INTRODUCTION: Human navigation is a very complex ability that encompasses all four stages of human information processing (sensory input, perception/cognition, selection, and execution of an action), involving both cognitive and physical requirements. During fl ight, the pilot uses all of these stages and one of the most critical aspect is interference. In fact, spatial tasks competing for the same cognitive resource cause greater distraction from a concurrent task than another task that uses diff erent resource modalities. METHODS: Here we compared and contrasted the performance of pilots and nonpilots of both genders performing increasingly complex navigational memory tasks while exposed to various forms of interference. We investigated the eff ects of four diff erent sources of interference: motor, spatial motor, verbal, and spatial environment, focusing on gender diff erences. RESULTS: We found that fl ight experts perform better than controls (Pilots : 6.50 6 1.29; Nonpilots : 5.45 6 1.41). Furthermore, in the general population, navigational working memory is compromised only by spatial environmental interference (Nonpilots : 4.52 6 1.50 ) ; female nonpilots were less able than male nonpilots. Also, the fl ight expert group showed the same interference, even if reduced (Pilots: 5.24 6 0.92); moreover, we highlighted a complete absence of gender-related eff ects. DISCUSSION: Spatial environmental interference is the only interference producing a decrease in performance. Nevertheless, pilots are less aff ected than the general population. This is probably a consequence of the need to commit substantial cognitive resources to process spatial information during fl ight.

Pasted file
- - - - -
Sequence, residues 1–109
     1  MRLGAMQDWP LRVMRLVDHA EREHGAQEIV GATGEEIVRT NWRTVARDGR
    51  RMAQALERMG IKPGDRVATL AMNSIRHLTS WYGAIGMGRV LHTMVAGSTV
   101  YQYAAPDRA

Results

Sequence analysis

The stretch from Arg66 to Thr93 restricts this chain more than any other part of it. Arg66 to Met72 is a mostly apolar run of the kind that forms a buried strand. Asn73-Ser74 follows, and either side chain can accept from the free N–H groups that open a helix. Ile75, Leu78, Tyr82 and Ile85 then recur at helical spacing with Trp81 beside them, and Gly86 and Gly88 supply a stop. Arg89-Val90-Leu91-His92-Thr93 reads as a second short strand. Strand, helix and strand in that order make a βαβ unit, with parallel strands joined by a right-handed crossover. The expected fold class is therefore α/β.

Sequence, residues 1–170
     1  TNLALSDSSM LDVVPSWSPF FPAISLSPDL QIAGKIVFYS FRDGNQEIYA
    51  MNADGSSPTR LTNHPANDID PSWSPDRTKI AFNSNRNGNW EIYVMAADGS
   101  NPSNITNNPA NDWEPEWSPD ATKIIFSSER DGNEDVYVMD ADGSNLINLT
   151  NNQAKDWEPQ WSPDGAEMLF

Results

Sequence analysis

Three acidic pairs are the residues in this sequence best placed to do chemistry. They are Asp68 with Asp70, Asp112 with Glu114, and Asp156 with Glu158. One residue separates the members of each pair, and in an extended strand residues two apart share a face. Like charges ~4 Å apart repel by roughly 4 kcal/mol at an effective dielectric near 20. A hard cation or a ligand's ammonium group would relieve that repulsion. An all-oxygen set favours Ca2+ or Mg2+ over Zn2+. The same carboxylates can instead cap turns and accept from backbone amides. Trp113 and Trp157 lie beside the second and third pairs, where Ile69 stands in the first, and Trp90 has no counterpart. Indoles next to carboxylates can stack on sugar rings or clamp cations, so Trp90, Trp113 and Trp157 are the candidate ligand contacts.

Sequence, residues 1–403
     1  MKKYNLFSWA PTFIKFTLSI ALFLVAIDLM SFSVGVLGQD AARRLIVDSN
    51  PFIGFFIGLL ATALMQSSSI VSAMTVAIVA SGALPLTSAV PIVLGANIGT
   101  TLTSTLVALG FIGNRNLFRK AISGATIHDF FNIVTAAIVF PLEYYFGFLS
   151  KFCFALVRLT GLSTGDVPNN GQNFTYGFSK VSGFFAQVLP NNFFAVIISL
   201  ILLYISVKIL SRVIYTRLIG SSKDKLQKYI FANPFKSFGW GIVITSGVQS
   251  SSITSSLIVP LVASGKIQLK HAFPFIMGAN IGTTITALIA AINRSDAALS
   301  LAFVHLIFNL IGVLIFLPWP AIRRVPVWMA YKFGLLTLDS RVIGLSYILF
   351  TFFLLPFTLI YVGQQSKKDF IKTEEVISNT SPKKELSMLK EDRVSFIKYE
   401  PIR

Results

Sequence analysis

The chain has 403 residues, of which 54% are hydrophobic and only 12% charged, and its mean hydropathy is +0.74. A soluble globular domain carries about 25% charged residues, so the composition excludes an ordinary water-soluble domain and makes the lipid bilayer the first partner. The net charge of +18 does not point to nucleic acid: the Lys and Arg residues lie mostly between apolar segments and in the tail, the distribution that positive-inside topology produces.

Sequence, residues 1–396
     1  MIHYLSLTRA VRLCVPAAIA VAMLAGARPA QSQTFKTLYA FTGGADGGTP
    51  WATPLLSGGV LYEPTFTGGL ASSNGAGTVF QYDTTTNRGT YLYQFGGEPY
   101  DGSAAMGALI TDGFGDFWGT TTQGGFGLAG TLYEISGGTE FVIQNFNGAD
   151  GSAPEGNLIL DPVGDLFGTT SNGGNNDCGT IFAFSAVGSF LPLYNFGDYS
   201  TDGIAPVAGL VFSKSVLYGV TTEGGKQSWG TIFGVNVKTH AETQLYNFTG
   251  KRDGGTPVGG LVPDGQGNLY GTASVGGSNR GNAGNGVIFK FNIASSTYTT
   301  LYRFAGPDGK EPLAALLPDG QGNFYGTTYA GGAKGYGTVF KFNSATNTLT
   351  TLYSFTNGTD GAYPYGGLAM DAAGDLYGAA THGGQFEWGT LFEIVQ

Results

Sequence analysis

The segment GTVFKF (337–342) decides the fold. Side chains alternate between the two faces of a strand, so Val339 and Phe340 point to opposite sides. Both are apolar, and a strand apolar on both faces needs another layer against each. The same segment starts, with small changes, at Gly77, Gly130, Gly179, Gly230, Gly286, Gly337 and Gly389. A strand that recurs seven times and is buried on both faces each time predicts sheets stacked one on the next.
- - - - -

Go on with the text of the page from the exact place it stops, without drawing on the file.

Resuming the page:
|Titolo:||Domain-Specific Interference Tests on Navigational Working Memory in Military Pilots.|
|Autori interni:||PICCARDI, LAURA|
|Data di pubblicazione:||2016|
|Rivista:||AEROSPACE MEDICINE AND HUMAN PERFORMANCE|
|Appare nelle tipologie:||1.1 Articolo in rivista|